Many biomarkers decline with age, but can you supplement to compensate and recover your health?
Spermidine review – Primeadine tested a for 1 month
Spermidine supplements have gained interest in recent years due to their potential health benefits, including anti-aging effects (by inducing autophagy), cardiovascular health, neuroprotection and improved immune function. See Spermidine - the little known, but big hitting anti-ageing supplement for details for the science behind the supplement.
I decided to spermidine a try after Leslie Kenny kindly provided me with a month’s supply, though note that she did not ask for (and did not receive) any editorial oversight of my trial-of-one. Leslie’s company, Oxford Healthspan, produces a high-quality spermidine supplement branded as Primeadine. It claims to be “the cleanest, purest food-derived spermidine supplement on the market” and certainly seems to support that with its sourcing of ingredients, regulated manufacturing (GMP), and oversight from a scientific advisory board that your run-of-the-mill supplement company doesn’t have.
Fortunately for me, as I have coeliacs disease, Primeadine is available in a gluten-free version as well as their original supplement which uses a wheat germ extract.
I had 3 small sample tins of Primeadine GF, enough to last 30 days, which I took from 3rd October through to 1st November 2022. As per the instructions (“preferably before 2pm”) I took two tablets each day just after lunch.
The first thing I noticed about the Primeadine supplements was a slight grassy smell when I opened the tin – hopefully a sign of freshness; supplements are generally pretty inert in their container.
The tablets were also quite chunky (and green!) but not oversized. I’m not great swallowing pills (seem to have to try to time swallowing just right) but I didn’t have any problem taking these. And, having noticed the aroma from the tin, there wasn’t actually any noticeable flavour when placed on my tongue, with any a subtle one appearing when I rolled it around to taste them.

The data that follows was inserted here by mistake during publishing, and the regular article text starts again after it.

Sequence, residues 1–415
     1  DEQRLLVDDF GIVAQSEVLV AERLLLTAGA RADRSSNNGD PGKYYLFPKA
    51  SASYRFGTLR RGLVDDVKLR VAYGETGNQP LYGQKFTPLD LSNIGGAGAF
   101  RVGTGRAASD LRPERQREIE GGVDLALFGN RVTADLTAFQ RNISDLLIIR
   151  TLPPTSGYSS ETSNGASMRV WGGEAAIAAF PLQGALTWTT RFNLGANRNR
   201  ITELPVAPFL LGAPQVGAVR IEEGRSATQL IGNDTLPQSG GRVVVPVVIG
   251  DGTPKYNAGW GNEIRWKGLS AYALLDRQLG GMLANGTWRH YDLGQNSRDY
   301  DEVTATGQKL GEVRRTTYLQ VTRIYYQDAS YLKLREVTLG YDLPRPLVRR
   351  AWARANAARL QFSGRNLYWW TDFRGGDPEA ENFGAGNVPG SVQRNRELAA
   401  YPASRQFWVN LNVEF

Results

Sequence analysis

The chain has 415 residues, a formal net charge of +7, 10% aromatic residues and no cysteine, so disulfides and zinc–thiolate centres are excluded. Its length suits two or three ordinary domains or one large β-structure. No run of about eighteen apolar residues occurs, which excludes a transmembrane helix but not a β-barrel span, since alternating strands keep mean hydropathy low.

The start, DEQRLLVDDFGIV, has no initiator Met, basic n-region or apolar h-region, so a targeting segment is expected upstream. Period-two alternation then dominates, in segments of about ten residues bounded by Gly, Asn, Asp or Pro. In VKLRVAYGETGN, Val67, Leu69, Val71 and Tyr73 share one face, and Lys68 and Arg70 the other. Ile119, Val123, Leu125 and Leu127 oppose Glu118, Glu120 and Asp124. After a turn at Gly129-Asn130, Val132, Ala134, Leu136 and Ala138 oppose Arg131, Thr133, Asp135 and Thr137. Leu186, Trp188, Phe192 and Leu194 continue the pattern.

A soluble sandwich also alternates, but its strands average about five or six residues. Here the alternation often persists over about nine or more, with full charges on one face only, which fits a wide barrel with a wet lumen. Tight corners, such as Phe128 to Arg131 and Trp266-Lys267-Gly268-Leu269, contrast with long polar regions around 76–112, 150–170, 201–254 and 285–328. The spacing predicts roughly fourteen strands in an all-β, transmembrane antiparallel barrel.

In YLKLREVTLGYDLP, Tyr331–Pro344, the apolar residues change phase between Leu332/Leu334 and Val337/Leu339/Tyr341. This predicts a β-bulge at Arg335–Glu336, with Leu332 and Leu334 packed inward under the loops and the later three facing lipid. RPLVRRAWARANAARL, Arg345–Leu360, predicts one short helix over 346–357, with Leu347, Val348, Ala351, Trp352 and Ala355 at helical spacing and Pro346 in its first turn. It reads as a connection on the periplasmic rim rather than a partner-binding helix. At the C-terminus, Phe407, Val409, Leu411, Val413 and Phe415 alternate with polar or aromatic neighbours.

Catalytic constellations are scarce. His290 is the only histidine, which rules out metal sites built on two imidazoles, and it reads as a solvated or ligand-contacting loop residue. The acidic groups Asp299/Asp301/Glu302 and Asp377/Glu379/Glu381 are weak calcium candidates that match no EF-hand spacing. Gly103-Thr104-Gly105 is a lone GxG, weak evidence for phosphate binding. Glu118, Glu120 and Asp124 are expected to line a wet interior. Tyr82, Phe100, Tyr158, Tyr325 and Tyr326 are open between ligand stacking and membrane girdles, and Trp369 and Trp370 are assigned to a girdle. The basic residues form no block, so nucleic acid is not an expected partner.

If you really want to taste them, the directions say you can also chew the tablets or, alternatively, grind them up as an ingredient in a smoothie.
I didn’t have time to do a full trial, with before and after blood and biological age tests, but did track some physical biomarkers in case there were any dramatic changes – I’m particularly careful to monitor blood pressure in case that is adversely affected.
One thing to note, which could skew the results a little, is that I started the trial on the tail end of a cold, nothing serious but I still had a blocked nose and a cough for the first few days.
Leslie had told me that many people report improved sleep, almost from day one, taking spermidine. This is a difficult area for me to see improvement as, unless really busy, I’m generally able to get to sleep within 10-15 minutes and have a good night’s slumber.
It’s hard to measure without a sleep tracker (my Circular ring is on order) but I think I did get off to sleep a little quicker, or at least my mind seemed to clearer faster than normal when my head hit the pillow.
One of the most important, and easiest, physical biomarkers to track, I take my blood pressure measurement once to twice a month, and more regularly when testing a supplement just in case it changes dramatically (which I did once when I overloaded on iron).
The graph below shows the 30 day trial with 1 month before and after. FYI my 1-year pre-trial average was 107/64 with a pulse of 54.